slight

adjective
\ ˈslīt How to pronounce slight (audio) \

Definition of slight

 (Entry 1 of 3)

1a : having a slim or delicate build : not stout or massive in body
b : lacking in strength or substance : flimsy, frail
c : deficient in weight, solidity, or importance : trivial a slight movie
2 : small of its kind or in amount a slight chance a slight odor of gas

slight

verb
slighted; slighting; slights

Definition of slight (Entry 2 of 3)

transitive verb

1 : to treat as slight or unimportant : make light of
2 : to treat with disdain or indifference slight a guest
3 : to perform or attend to carelessly and inadequately don't slight your work

slight

noun

Definition of slight (Entry 3 of 3)

1 : an act or an instance of slighting
2 : an instance of being slighted : a humiliating discourtesy

Keep scrolling for more

Other Words from slight

Adjective

slightly adverb
slightness noun

Choose the Right Synonym for slight

Adjective

thin, slender, slim, slight, tenuous mean not thick, broad, abundant, or dense. thin implies comparatively little extension between surfaces or in diameter, or it may imply lack of substance, richness, or abundance. thin wire a thin soup slender implies leanness or spareness often with grace and good proportion. the slender legs of a Sheraton chair slim applies to slenderness that suggests fragility or scantiness. a slim volume of poetry a slim chance slight implies smallness as well as thinness. a slight build tenuous implies extreme thinness, sheerness, or lack of substance and firmness. a tenuous thread

Verb

neglect, disregard, ignore, overlook, slight, forget mean to pass over without giving due attention. neglect implies giving insufficient attention to something that merits one's attention. habitually neglected his studies disregard suggests voluntary inattention. disregarded the wishes of his family ignore implies a failure to regard something obvious. ignored the snide remark overlook suggests disregarding or ignoring through haste or lack of care. in my rush I overlooked a key example slight implies contemptuous or disdainful disregarding or omitting. slighted several major authors in her survey forget may suggest either a willful ignoring or a failure to impress something on one's mind. forget what others say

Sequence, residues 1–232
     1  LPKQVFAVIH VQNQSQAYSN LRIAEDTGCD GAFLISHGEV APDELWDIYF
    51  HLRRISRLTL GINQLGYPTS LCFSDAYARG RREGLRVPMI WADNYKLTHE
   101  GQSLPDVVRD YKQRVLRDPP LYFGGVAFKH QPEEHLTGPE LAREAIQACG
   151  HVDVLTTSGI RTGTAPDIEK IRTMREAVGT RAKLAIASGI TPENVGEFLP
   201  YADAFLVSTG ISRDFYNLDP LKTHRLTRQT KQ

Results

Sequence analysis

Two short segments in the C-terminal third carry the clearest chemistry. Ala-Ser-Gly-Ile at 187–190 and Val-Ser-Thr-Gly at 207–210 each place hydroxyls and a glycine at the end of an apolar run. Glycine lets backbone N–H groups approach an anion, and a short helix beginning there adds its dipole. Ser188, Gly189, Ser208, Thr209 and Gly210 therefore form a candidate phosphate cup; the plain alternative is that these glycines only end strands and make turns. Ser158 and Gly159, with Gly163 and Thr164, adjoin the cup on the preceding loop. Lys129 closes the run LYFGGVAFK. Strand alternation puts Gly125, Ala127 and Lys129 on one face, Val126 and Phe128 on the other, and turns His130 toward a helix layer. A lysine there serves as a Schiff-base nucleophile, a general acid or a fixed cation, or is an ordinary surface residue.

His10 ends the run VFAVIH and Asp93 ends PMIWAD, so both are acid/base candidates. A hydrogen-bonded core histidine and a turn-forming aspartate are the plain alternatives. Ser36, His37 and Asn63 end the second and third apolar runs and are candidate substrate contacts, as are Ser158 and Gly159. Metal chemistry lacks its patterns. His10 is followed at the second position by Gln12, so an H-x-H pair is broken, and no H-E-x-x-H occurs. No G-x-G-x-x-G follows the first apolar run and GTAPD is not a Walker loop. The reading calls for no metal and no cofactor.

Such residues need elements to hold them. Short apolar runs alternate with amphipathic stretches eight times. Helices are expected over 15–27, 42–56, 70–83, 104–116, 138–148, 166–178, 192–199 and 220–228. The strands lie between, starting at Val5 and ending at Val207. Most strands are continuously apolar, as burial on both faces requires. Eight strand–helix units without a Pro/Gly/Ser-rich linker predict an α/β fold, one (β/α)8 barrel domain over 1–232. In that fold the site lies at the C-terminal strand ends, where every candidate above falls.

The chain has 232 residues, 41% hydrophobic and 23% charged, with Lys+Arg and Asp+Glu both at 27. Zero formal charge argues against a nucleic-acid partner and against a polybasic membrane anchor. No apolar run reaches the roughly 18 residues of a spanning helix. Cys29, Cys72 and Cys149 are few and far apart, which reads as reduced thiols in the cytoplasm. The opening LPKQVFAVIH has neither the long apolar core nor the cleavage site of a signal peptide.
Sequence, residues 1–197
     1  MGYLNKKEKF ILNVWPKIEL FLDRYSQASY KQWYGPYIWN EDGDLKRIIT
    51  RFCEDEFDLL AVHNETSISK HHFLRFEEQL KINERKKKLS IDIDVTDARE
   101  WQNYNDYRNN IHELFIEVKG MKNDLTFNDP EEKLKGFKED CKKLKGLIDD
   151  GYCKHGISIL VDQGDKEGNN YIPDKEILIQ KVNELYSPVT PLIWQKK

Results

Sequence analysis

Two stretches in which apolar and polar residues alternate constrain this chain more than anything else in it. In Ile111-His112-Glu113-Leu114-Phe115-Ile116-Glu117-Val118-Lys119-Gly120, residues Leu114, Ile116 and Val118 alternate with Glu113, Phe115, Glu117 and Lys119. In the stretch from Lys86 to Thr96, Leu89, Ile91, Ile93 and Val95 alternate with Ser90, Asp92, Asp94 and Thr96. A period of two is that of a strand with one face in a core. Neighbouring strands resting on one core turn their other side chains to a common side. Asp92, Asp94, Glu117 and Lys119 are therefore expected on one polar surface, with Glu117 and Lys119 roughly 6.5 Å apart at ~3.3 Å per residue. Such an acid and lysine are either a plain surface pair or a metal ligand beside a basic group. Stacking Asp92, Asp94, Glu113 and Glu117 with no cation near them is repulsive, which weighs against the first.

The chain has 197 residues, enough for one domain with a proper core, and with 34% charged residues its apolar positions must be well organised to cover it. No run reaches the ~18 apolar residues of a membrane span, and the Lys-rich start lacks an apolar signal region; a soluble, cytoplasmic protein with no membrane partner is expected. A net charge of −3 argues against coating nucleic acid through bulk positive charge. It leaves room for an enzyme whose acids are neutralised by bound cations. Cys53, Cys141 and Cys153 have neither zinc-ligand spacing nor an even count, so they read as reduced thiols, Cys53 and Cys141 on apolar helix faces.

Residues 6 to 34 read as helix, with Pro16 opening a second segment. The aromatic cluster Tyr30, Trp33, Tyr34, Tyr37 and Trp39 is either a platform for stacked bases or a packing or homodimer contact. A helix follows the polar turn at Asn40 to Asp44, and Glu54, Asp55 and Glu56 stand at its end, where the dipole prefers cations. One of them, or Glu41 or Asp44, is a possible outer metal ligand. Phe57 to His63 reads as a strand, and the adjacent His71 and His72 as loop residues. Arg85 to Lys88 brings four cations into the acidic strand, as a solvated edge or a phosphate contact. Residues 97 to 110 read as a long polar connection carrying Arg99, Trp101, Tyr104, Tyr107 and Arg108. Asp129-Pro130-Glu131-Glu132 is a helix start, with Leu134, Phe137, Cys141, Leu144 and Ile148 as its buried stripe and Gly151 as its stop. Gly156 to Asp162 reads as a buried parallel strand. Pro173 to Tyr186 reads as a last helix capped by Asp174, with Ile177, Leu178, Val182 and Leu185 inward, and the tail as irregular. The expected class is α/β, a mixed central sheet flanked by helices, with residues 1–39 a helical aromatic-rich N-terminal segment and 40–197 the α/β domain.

Frequently Asked Questions About slight

Is it slight or sleight of hand?

Although slight is a homophone of sleight, and feels like it makes sense in this idiom, sleight of hand is the correct form when referring to a cleverly executed trick. Sleight means "deceitful craftiness" or "stratagem," and slight means "having a slim or delicate build" (we often hear of a slim person as being "slight of build").

What is the difference between sleight and slight?

In modern use slight may be found as a noun ("a humiliating discourtesy"), a verb ("to treat as slight or unimportant"), and an adjective ("small of its kind or in amount"). Sleight is mainly found as a noun, and can refer either to a deceitful kind of craftiness, or to skill and dexterity.